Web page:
After that, another major problem arose in early on 1998. Chief executive Boris Yeltsin was taken care of with disbelief from both Russian community and the traditional western countries. So that they can right this impression and promote the notion that he is still under control, Boris Yeltsin brought some politics changes into impact. He appointed Sergei Kiriyenko as the new Best Minister succeeding former Best Minister Viktor Chernomyrdin. In addition to that, Boris Fyodorov was appointed deputy Primary Minister and was also called Head of Express Duty Service. With these politics changes taking effect in middle-1998, Yeltsin tried to restore the lost assurance of the traders and generally the western countries. This was not feasible though because Russia was in an exceedingly difficult position at that time. IN-MAY 1998, the problem got a whole lot worse. Kiriyenko recognized that the major problem to be faced by the federal government was the finances. But, the financial situation of the country did not leave him with many options. During that time, the government's budget was very low and because of this the federal government was struggling to pay income and pensions. This happened because the majority of the government's income was going to payments for international and domestic bad debts. This caused the fantastic strike of workers on the Trans-Siberian railway by blocking it. This contributed to the worsening of the problem because the costs of exports increased once more and the export of engine oil, gas and metals not only stopped being profitable but the even helped to raise Russia's arrears.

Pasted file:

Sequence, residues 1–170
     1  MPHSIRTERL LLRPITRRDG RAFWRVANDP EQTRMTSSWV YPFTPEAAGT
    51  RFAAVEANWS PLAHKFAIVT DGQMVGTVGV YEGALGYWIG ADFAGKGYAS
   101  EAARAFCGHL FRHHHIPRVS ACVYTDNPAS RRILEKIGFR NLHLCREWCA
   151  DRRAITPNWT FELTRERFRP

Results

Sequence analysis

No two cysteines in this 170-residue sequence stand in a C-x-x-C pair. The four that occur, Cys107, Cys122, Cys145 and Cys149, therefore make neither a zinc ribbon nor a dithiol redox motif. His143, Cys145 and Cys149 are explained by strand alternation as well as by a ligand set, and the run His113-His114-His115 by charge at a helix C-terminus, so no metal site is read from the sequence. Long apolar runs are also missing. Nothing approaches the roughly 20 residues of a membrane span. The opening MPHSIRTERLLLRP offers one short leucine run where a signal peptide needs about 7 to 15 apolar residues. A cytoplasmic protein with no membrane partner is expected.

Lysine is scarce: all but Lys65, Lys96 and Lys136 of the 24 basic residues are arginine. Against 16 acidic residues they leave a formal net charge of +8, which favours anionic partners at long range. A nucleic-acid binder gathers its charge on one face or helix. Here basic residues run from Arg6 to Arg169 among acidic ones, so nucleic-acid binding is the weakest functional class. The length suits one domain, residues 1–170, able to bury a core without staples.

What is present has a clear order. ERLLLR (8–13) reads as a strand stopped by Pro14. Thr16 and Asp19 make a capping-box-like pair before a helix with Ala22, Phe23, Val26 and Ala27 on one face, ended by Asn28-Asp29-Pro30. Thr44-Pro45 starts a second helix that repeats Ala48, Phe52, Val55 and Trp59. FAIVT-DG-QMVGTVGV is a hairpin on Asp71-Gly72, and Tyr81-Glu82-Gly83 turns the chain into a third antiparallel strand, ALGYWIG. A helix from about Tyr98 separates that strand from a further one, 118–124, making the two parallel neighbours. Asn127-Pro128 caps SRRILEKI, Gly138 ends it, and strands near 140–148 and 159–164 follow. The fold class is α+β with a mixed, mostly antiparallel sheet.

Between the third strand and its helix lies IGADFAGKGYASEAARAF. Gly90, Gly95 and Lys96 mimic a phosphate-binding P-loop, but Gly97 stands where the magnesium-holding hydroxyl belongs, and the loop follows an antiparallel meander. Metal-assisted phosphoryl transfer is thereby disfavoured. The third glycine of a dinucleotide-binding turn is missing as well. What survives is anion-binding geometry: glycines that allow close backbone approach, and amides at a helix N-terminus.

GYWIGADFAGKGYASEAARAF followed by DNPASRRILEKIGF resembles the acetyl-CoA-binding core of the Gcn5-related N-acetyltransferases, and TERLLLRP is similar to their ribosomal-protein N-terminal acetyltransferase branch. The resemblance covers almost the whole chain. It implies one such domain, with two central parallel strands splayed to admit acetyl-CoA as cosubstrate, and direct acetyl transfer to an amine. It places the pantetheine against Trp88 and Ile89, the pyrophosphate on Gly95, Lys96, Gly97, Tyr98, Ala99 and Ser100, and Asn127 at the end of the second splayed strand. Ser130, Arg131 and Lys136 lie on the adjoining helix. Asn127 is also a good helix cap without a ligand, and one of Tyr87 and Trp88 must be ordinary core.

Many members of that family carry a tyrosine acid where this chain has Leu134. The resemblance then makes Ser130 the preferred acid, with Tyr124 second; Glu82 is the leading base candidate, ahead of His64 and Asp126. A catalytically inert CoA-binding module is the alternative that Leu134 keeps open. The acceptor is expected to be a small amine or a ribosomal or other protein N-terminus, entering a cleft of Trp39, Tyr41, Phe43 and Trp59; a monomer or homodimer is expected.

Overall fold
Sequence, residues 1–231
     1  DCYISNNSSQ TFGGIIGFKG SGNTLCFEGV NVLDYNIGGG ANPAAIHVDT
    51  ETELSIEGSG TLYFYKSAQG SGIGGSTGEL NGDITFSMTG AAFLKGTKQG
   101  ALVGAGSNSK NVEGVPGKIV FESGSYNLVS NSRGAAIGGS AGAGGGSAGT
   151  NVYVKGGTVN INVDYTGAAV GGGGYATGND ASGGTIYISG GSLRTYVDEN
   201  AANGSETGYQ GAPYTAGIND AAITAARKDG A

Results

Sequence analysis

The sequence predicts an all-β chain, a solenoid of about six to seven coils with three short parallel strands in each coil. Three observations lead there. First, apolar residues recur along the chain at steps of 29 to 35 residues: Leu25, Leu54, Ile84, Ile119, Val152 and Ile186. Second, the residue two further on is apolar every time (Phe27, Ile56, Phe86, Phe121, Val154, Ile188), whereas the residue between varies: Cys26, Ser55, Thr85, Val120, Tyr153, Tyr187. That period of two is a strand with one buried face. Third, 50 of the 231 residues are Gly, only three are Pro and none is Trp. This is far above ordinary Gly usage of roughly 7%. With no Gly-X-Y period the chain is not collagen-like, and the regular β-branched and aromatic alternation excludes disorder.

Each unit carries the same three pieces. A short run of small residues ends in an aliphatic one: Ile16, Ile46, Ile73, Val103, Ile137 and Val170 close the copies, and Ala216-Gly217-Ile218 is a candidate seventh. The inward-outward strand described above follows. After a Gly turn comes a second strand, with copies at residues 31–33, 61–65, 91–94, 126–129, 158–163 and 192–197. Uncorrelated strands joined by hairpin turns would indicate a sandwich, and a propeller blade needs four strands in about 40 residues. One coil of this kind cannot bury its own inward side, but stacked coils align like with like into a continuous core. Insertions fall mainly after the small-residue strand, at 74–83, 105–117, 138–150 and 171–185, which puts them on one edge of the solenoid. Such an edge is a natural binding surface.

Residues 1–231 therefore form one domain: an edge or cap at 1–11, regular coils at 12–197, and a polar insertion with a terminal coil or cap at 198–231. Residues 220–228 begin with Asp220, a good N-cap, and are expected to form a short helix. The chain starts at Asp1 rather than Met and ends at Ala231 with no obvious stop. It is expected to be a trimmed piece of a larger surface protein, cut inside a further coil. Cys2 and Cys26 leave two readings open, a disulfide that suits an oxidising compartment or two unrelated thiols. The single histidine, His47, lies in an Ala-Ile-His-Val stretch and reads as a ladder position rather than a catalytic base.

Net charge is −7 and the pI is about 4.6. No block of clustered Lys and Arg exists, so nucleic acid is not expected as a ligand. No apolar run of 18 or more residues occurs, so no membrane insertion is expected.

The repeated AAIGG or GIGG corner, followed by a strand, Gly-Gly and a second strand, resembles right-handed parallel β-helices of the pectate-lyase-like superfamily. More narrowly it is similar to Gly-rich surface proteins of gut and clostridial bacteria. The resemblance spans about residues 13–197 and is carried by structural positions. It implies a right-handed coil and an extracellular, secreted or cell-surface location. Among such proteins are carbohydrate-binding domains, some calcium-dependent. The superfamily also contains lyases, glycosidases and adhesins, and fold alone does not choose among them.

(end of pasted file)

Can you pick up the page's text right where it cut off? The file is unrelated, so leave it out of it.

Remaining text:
This leads us to the most important amount of the financial crisis in Russia. In June, Russia was within a crucial point. The expense of imports was higher than the profits gained from exports leaving the government with a poor balance of trade. Moreover, industrial development was even less than that in 1997 and real income of Russians was 10% lower than before. Under all these conditions the devaluation of the ruble and the dialling off of debt repayments were unavoidable for the Russian administration. But, this is avoided temporarily by a $4 billion credit from the International Monetary Finance. The IMF postponed the acceptance of the loan declaring that the Russian federal government was not placing too much effort in the assortment of taxes. This is when Yeltsin appointed Chubais as the Russian rep in talks with the IMF attempting to get some self-confidence from the LADY. Chubais arranged his goals in obtaining a substantial loan from the IMF which according to the Russian administration would help them get away from the crisis. So, the Russian federal government asked for an additional loan, substantially higher this time around than the prior one, in order for Russia to flee the financial collapse. Meanwhile, Yeltsin's appointment of Chubais was achieved with content by the Traditional western powers and consequently Chubais persuaded them to invest in Russia. As Medvedev had written: "Chubais's trip to the IMF head office in Washington had been successful and dollars started to move in to the Russian Central loan company" (Roy Medvedev, Post - Soviet Russia: A Quest With the Yeltsin Period, 2000, Columbia School Press, p. 303). But, this plan only helped the Russian administration for a few weeks as Russia was in a very poor state financially. Therefore, the Russian federal tried to implement an anti- turmoil plan by nurturing the fees but this is of no substantive help as it was really later for Russia to flee the turmoil. Every reserve of the Russian central standard bank was spent in order to keep the exchange rate of the ruble at 6 American us dollars however the reserves were not enough to support such an action for a long time. On the other hand, the loan of the IMF was now approved and Russia acquired nearly 23 billion of American us dollars with a view to help them avoid a possible financial collapse.